AYS Daily Digest 06/09/17: As expected, Slovakia and Hungary lose in EU Court

Relocation still mandatory / Greek Asylum Service’s staff on strike / Police violence in Belgium / Update with current needs in Paris / Asylum seekers and police clash in Finland / Sweden must stop border controls in November, EU says / Report on Afghan minors in Italy / Upcoming deportation of 15 people in Germany / And more news…

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Patience + hope = Europe (Idomeni 2016): both patience and hope are still needed (Photo by AYS)

FEATURE: Slovakia and Hungary lose in EU Court of Justice

“The mechanism actually contributes to enabling Greece and Italy to deal with the impact of the 2015 migration crisis and is proportionate.”

What is worth noting in relation to this is that regardless of this single positive decision, the relocation mechanism remains far from a success. The ambition was to ease the situation for the countries mentioned above, but in reality that barely has happened. Instead of relocating 160,000 people—which soon became 120,000 after 54,000 places were given to Syrians in Turkey — the program has so far relocated between 25,000 and 27,000 people, depending on the sources. Reuters uses the most modest number, and the EC the higher one. Brussels will, according to the Court’s decision, still have the right to force everyone to accept asylum seekers from the program, that in total so far haven’t relocated even a quarter of the goal of 120,000 people.

The lack of self-criticism is incredible. In the meantime, human beings are suffering for the European Unions shortcomings and lack of sustainable solutions. It is not that hard to describe ones action as a success, if the goal constantly is adjusted according to what has been achieved so far and not what the intention once was.

Instead of focusing on protection, the EU puts more efforts in external border controls to keep people away. And then there is the EU-Turkey Statement, that was implemented in March 2016. That one is also mentioned as a success, since the flow to the Greek island has decresed since then. Dimitris Avramopoulos, EU Migration Commissioner, today said that the arrivals to the Greek islands have dropped with 97 percent. It “continues to deliver results”. Unfortunately, the EU forgot to ask the people stuck in Turkey what they think about the agreement and how if have been affecting them. So far, 8800 Syrians in Turkey have been relocated of the 54 000 places that was made available when 160 000 became 120 000. More about the impacts the EU-Turkey statement has for those stuck in Greece, and those working for the Greek Asylum Service, under that headline or here.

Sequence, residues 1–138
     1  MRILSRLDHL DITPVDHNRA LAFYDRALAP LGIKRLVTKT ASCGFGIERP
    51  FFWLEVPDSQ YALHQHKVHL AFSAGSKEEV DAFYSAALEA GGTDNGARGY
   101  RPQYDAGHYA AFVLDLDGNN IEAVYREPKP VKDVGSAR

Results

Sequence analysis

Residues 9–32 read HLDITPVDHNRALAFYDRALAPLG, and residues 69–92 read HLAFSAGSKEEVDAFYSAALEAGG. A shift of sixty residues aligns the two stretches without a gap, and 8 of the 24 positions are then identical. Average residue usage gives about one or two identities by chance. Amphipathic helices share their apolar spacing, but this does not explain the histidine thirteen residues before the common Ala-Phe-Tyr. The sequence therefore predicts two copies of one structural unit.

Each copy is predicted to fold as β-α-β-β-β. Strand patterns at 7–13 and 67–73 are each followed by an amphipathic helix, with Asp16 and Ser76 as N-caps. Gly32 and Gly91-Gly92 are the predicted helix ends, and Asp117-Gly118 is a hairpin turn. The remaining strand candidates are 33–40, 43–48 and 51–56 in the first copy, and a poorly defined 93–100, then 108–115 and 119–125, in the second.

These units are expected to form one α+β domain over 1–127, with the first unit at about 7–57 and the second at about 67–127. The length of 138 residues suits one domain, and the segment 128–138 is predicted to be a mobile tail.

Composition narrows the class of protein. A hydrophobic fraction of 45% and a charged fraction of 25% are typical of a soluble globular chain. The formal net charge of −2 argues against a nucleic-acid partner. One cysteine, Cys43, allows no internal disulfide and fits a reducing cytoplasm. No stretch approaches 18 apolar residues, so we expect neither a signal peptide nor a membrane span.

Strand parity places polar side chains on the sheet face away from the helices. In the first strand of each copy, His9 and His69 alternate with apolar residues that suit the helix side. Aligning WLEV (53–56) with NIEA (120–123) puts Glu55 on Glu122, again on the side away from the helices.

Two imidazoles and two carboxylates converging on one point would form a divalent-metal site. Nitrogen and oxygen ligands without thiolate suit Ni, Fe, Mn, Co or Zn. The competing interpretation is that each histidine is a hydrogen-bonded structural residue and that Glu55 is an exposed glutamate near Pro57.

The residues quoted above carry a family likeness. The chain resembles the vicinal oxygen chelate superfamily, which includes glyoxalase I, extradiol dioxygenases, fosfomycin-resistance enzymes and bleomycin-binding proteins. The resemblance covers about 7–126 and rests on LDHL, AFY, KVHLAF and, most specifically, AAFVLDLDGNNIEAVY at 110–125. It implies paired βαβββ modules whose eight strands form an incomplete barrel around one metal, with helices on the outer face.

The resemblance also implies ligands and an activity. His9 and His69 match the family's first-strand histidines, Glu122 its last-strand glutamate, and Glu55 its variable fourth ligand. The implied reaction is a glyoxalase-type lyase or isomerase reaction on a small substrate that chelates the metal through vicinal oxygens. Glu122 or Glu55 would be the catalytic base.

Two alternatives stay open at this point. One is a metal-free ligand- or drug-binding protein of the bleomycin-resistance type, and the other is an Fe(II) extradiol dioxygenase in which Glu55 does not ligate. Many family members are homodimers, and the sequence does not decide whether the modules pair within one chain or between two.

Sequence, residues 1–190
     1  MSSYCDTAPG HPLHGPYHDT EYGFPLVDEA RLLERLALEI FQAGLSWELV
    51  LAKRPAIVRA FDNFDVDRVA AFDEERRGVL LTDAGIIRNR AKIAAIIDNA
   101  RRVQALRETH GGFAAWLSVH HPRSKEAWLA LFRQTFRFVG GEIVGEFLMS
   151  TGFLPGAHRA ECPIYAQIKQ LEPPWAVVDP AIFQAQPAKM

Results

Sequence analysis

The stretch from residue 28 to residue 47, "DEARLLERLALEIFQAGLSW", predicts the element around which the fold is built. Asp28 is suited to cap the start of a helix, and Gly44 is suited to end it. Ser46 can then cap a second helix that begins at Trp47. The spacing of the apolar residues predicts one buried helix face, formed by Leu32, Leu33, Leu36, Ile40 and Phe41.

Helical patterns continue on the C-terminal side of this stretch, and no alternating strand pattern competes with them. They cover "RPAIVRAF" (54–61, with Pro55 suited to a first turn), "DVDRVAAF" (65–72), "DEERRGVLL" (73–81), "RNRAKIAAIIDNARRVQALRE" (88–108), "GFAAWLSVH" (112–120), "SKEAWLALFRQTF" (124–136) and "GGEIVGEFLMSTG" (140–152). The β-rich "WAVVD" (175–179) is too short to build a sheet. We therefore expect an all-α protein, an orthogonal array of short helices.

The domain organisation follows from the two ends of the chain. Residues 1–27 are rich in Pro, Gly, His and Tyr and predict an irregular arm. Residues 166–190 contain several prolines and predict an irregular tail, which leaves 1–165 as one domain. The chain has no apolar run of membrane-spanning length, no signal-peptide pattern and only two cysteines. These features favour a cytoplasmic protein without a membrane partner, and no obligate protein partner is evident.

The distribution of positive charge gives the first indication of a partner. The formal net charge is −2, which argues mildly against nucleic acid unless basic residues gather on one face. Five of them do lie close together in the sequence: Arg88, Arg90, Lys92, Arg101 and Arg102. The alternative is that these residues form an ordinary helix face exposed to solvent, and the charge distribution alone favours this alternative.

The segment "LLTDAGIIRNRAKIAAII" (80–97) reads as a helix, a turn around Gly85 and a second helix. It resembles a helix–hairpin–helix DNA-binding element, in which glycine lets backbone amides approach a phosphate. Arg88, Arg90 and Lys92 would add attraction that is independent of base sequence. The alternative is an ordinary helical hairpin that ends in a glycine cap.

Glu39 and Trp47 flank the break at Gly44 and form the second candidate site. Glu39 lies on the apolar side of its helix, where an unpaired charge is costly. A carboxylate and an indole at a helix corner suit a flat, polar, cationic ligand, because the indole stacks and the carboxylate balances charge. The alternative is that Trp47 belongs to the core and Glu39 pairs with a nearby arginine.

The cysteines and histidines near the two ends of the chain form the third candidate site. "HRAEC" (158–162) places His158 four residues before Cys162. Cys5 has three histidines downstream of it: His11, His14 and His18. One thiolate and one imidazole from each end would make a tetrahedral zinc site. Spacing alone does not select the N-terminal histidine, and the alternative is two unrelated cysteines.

Greek Asylum Service staff on strike

The people on strike at GAS are employed on short term contracts. They have launched the strike since they haven’t received their payments on time. Despite the fact that the EU-Turkey agreement has decreased the number of people arriving, the closed border policy is also doing that almost everyone that reaches Greece and got stuck in the country applies for asylum here. Which means a huge workload for GAS and its staff. The strike started today and will continue one more day. Tomorrow, Thursday, they will also protest in central Athens.

Athens: Women’s language classes

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Photo and info from: Mosaik Support Center.

Athens: Laundry service in Nea Kavala

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Photo: Dråpen i Havet

Athens: Info from Pampiraki

“Dears colleagues of Pampiraiki,

Please note that, as of 11/9/17 and until further notice, the working days/hours of our warehouse in Elliniko (former airport — basketball stadium) will be as follows: